• Financial Soundness: Review of the company’s financial statements, conducted by someone with extensive finance and accounting experience.
  • Ownership of the Company: Determine who owns the company, and whether it’s a domestic or foreign entity.
  • Contract Protections: Use detailed language that ensures the continuity of the vendor’s critical function. The contracts section of Appendix Jidentifies the key elements that should be included in contracts with strategic vendors.
  • Continuous Relationship Monitoring: Identify how (manually, systemically or both) the vendor’s performance will be monitored, and by whom. With a critical vendor, you simply cannot risk a default in service going undetected.
  • Capacity: Determine the vendor’s capacity, i.e., how many other entities does it serve? Are you confident in the vendor’s ability to continuously provide the function you need?
  • Legal and Compliance Issues: Check to see if the vendor has any pending lawsuits or compliance violations, and review their past history of the same.
  • Mergers or Acquisitions: Be aware of any news regarding mergers or acquisitions with the vendor. Make sure your contract protects you in any of these events.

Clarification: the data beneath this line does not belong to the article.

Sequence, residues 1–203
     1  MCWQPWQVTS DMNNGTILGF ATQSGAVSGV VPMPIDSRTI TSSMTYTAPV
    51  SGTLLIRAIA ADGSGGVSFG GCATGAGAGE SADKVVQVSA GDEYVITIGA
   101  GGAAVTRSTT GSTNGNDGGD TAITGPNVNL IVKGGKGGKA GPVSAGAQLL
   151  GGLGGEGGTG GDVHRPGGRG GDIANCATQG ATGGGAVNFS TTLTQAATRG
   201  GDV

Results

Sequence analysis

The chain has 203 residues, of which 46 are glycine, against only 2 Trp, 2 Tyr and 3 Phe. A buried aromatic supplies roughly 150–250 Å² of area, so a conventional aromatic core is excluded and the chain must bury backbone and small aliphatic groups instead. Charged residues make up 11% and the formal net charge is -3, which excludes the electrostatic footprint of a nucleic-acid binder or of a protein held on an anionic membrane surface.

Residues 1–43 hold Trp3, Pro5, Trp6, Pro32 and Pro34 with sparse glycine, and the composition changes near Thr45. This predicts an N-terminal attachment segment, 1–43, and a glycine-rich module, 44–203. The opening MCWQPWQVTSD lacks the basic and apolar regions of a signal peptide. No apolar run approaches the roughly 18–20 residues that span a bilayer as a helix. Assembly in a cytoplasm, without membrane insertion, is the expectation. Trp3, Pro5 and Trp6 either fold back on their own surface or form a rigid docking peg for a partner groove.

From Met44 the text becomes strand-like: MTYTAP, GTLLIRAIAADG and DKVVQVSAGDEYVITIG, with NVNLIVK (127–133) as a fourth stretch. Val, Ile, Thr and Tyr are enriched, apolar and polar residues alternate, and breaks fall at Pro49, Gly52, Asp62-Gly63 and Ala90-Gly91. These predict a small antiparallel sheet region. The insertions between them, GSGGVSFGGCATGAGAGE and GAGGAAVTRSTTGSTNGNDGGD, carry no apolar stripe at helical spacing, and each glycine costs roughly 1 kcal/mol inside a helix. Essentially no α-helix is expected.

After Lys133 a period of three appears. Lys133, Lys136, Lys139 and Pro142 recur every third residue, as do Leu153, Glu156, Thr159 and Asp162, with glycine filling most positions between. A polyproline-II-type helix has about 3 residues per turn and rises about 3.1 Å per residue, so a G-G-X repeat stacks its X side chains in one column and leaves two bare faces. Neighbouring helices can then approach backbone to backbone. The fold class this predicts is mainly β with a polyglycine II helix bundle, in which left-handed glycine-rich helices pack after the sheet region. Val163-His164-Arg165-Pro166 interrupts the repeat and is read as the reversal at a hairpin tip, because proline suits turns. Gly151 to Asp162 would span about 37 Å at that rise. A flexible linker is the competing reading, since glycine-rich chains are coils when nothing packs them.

• Corporate Image, News and Social Media: Follow their brand in traditional and social media in order to intercept any hints of trouble for the vendor.
  • Alternative Vendor on Deck: Identify another viable vendor who could take over in the event this vendor can no longer perform their critical function. 

That’s a lot of work, but for most community and regional banks, this only needs to be completed on one or two vendors, and rarely more than five. 

Comprehensive Vendor Management is Achievable—and Necessary

While time-consuming, it’s in your institution’s best interest to ensure that general vendors have been appropriately vetted, that GLBA vendors can protect your sensitive data, and that strategic vendors can perform their critical functions. Otherwise, the penalty could come in the form of both lost business and compliance violations—a double whammy no bank wants to face. 

Steve Sanders, CSI vice president of Internal Audit, oversees the evaluation of risks associated with IT, financial and operational systems. He has a strong knowledge of cybersecurity and privacy, accompanied by an educational background in computer security and data protection.